Casinos in two states, Disney World, even the Pentagon – the one in Sanford, South Dakota – are maneuvering to hold games in a controlled environment. So are schools large and small, with Duke and Louisville talking about it, same as Mercer, Winthrop, East Tennessee State and George Washington.
Cities are getting involved, and not just the best college basketball-bubble city in the world – that would be us, Indianapolis – but also Houston, Atlanta and Las Vegas.
That’s a lot of bubbles for a lot of teams, and college basketball is going to need all of that and more. Traveling repeatedly for road games is a non-starter for many schools because of the risk of exposure. Non-conference games will be minimal for all conferences, non-existent for some.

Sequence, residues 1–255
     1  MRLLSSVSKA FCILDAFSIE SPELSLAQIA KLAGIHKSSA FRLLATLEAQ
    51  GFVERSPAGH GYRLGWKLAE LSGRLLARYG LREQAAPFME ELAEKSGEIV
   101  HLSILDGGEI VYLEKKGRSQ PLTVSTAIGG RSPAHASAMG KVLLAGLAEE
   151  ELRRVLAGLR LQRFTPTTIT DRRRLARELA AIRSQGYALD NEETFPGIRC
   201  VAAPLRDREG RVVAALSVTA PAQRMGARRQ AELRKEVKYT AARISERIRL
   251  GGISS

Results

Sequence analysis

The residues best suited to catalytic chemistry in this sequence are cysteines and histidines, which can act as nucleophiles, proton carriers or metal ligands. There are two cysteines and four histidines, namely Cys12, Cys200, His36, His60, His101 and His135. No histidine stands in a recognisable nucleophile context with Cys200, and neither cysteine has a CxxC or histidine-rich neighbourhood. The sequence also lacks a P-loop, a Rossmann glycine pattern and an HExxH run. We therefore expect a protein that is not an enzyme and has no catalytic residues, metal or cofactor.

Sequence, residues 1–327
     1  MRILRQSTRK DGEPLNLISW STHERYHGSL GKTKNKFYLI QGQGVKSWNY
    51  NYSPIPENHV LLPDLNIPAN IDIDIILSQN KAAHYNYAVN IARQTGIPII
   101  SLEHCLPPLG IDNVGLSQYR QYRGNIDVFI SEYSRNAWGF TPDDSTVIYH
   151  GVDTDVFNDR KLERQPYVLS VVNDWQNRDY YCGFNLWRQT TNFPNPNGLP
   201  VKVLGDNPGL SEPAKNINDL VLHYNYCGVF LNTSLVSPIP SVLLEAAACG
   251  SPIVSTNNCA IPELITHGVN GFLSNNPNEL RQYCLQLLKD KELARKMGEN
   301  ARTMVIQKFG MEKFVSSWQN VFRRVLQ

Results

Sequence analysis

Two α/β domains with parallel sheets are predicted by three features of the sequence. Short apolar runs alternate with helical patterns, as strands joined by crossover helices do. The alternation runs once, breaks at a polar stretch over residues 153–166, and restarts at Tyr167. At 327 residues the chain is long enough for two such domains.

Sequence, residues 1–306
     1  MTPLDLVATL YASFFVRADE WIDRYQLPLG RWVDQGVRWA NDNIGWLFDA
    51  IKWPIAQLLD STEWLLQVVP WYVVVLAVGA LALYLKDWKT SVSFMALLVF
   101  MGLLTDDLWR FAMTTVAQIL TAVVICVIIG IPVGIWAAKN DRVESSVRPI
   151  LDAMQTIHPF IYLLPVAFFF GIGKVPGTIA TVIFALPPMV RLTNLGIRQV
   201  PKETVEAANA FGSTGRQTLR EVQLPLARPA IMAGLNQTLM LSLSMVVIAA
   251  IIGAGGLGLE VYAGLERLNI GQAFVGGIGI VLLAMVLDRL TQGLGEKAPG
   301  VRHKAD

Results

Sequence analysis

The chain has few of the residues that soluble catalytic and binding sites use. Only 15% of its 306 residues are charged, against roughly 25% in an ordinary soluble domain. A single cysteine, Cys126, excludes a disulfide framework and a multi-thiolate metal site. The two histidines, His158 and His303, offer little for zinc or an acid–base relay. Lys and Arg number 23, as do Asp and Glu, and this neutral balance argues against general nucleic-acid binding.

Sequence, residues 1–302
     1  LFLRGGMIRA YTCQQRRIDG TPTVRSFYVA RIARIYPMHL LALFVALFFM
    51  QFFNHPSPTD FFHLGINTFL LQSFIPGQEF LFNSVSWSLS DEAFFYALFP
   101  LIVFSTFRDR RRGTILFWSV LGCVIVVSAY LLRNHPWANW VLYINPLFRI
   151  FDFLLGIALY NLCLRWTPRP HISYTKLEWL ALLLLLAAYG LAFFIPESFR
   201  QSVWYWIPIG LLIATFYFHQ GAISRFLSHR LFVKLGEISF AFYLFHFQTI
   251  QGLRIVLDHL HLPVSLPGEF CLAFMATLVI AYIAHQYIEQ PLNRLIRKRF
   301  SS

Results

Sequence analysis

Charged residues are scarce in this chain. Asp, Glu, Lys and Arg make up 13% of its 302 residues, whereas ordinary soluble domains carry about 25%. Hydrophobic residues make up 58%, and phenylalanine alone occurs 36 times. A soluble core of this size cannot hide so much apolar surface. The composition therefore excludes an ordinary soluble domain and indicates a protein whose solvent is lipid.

Controlling the environment is key in navigating a coronavirus season, which is why games look attractive in a bubble-like setting at the Mohegan Sun casino in Uncasville, Connecticut, and the Harrah’s Cherokee Center in Asheville, North Carolina. The NBA-tested bubble in Orlando, at the ESPN Wide World of Sports campus at Disney World, could hold as many as eight in-season tournaments, not to mention more events – a la carte, these things are being called at athletic departments around the country – as the calendar turns and teams need to reach the minimum 13 games required to qualify for the 2021 NCAA Tournament.
The Indiana Sports Corp sent its 16-page bubble blueprint to every school and conference in the country, though it’s likely Midwest schools will form the crux of what we’ll see around here, with teams getting entire floors of hotels – or the entire hotel – as they walk those skywalks to games at the 17-acre Indianapolis Convention Center.